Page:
Samsung Warns Customers to Be Careful What They Say in Front of Their Smart TV




I want a dumb TV, a dumb car, dumb every tech thing.

Samsung has confirmed that its “smart TV” sets are listening to customers’ every word, and the company is warning customers not to speak about personal information while near the TV sets.

The voice activation feature captures conversations within range and it can share the information to third parties which they’ve named as Nuance Communications.

You can disable the voice recognition feature to keep it from listening to you.

voice recognition

Samsung’s privacy policy includes this line: “Please be aware that if your spoken words include personal or other sensitive information, that information will be among the data captured and transmitted to a third party.”

“If a consumer consents and uses the voice recognition feature, voice data is provided to a third party during a requested voice command search,” Samsung said in a recent statement meant to clarify. “At that time, the voice data is sent to a server, which searches for the requested content then returns the desired content to the TV.”

The company added that it does not retain or sell the voice data, but it didn’t name the third party that translates users’ speech.

This is a now well known disadvantage of the Internet of Things.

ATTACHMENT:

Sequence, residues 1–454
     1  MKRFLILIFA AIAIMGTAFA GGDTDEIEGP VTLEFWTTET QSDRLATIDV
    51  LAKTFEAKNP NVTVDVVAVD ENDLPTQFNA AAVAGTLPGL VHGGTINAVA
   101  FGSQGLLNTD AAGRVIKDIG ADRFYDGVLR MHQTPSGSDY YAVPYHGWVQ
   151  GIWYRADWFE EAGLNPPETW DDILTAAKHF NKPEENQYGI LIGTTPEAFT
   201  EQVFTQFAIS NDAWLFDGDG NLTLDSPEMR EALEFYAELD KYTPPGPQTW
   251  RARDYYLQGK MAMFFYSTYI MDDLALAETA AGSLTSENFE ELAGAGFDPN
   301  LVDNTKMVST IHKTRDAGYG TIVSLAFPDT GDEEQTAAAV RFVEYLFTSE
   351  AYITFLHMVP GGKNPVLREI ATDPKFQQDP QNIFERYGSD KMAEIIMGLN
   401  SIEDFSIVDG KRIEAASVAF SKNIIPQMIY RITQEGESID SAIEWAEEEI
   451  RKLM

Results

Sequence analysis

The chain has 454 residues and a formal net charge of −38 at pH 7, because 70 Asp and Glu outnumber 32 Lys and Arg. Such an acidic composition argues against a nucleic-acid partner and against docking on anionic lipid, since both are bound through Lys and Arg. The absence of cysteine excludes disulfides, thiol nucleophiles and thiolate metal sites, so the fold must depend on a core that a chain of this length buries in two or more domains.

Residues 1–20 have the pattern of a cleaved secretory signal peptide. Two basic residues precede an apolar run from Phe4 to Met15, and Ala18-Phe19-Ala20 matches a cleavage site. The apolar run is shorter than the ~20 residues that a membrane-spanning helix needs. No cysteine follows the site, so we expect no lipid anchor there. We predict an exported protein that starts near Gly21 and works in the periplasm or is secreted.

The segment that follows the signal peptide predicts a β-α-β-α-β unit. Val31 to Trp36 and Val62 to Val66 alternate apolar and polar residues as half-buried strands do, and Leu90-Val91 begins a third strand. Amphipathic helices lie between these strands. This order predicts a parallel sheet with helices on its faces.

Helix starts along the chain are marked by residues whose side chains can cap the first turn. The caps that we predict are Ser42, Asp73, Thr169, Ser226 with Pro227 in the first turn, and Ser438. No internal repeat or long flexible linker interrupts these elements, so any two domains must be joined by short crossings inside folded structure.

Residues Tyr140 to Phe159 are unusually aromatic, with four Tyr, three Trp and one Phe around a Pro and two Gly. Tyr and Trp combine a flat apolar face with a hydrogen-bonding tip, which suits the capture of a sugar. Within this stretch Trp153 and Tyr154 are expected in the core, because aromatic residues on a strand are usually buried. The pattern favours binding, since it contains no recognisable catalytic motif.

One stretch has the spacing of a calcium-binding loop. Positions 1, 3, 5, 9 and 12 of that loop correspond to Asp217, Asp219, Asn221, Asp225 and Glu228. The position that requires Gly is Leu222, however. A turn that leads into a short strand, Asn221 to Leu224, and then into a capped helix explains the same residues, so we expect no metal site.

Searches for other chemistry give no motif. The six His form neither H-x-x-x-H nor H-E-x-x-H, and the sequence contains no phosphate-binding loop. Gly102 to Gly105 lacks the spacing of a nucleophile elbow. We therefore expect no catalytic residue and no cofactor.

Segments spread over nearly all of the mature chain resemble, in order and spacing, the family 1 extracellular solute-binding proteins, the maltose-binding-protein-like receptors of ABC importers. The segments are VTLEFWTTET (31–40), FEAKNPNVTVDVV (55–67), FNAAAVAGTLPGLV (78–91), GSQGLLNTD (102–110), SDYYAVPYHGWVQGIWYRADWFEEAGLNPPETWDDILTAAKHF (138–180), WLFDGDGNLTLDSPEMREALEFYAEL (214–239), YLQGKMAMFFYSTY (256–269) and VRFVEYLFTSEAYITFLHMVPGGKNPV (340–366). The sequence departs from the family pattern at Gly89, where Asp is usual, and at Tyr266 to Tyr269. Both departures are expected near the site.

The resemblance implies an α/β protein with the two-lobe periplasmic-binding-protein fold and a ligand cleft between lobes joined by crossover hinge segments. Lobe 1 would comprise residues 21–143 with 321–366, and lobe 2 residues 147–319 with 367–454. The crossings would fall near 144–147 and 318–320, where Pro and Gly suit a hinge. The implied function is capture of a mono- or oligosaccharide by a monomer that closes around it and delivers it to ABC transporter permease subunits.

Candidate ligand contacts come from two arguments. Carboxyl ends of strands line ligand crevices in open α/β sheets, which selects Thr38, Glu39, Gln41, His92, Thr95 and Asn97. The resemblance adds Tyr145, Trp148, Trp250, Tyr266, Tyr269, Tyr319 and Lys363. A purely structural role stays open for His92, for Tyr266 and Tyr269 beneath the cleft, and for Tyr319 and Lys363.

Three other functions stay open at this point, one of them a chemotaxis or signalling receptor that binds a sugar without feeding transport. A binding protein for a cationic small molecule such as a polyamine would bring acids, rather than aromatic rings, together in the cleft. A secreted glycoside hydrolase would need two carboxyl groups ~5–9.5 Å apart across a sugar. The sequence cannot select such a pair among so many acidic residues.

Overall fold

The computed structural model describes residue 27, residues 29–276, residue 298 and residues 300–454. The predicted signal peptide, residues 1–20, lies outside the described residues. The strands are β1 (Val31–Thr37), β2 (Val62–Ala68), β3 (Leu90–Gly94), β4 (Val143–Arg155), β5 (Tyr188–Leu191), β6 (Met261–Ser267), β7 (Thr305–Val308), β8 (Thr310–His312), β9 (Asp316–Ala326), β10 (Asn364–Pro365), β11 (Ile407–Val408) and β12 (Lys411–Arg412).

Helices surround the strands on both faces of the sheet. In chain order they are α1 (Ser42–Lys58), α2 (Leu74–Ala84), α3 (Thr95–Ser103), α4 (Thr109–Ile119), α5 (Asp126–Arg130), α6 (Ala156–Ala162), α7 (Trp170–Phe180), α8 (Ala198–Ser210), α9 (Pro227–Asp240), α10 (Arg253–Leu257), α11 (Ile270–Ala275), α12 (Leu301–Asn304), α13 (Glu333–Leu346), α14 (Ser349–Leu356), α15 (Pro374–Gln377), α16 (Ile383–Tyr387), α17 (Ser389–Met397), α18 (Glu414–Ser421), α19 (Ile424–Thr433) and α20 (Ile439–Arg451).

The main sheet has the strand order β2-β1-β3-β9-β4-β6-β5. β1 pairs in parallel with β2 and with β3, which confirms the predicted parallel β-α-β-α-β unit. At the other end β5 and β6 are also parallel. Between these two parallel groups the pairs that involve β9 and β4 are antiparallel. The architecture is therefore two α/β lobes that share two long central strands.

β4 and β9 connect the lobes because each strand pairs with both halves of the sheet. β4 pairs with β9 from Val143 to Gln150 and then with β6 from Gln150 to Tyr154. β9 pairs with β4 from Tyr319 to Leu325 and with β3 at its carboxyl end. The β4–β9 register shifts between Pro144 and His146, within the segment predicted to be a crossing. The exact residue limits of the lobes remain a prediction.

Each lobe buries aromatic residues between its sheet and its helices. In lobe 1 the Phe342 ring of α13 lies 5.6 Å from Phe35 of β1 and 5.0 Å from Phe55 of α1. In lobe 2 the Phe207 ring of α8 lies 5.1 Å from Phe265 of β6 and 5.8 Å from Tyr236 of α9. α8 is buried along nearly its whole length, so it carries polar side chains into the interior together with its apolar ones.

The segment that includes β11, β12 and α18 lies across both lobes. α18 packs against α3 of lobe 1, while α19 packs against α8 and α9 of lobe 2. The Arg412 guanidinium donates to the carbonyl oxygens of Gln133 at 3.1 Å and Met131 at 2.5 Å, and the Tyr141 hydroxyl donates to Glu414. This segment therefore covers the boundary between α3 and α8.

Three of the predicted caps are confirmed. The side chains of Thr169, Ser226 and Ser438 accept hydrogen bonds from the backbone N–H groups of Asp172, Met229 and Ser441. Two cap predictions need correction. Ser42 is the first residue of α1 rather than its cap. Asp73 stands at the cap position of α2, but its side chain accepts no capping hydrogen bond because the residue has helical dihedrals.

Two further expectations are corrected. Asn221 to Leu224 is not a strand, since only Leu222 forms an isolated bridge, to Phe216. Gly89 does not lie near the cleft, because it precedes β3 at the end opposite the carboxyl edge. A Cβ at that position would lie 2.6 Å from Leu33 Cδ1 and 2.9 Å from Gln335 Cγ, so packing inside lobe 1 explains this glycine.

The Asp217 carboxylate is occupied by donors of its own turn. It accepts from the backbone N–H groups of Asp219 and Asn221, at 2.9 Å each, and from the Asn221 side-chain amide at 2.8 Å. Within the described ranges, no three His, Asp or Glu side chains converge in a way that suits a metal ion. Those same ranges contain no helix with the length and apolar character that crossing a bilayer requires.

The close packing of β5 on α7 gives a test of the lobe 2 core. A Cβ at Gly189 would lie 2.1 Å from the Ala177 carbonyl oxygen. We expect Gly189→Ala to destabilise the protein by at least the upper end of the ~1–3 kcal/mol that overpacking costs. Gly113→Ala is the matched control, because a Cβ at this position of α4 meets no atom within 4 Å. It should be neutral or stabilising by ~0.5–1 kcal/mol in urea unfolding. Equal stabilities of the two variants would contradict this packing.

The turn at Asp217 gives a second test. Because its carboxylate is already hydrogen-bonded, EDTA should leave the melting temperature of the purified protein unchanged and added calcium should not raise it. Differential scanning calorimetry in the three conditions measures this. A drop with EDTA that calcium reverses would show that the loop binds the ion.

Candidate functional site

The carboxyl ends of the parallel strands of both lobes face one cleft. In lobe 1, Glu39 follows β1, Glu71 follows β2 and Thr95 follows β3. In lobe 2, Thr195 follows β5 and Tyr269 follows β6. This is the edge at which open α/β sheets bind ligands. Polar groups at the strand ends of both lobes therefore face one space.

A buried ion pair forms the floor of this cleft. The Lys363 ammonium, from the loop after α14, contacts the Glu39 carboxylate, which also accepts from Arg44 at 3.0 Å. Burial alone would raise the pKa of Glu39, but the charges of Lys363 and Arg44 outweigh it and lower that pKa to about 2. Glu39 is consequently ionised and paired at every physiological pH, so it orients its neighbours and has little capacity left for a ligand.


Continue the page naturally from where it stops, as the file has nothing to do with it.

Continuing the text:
Michael Price of the Brennan Center said that he bought a smart TV but is afraid to use it after reading the 46-page privacy policy which basically has people signing away all their privacy rights.

Before buying your “smart TV”, be sure to read the privacy policy no matter how many confusing pages it comprises. You will find that some – and most – log where, when, how and for how long you use the TV. It sets tracking cookies and beacons to detect when you view content or email messages, apps you use, websites you visit, and how you interact with the content. It doesn’t care if you tell it not to track.

Price says, the TV, like your computer, has a built-in camera with facial recognition and a microphone with voice recognition features that hackers or spy agencies could use.

This is constitutionally protected information, Mr. Price reminds us, but – still – the companies get away with it. They will continue to do it until a civil liberties union wins in court or until enough people stop buying them.

Eventually, all appliances, meters, and other objects will be wired. Basically, we will be bugging ourselves.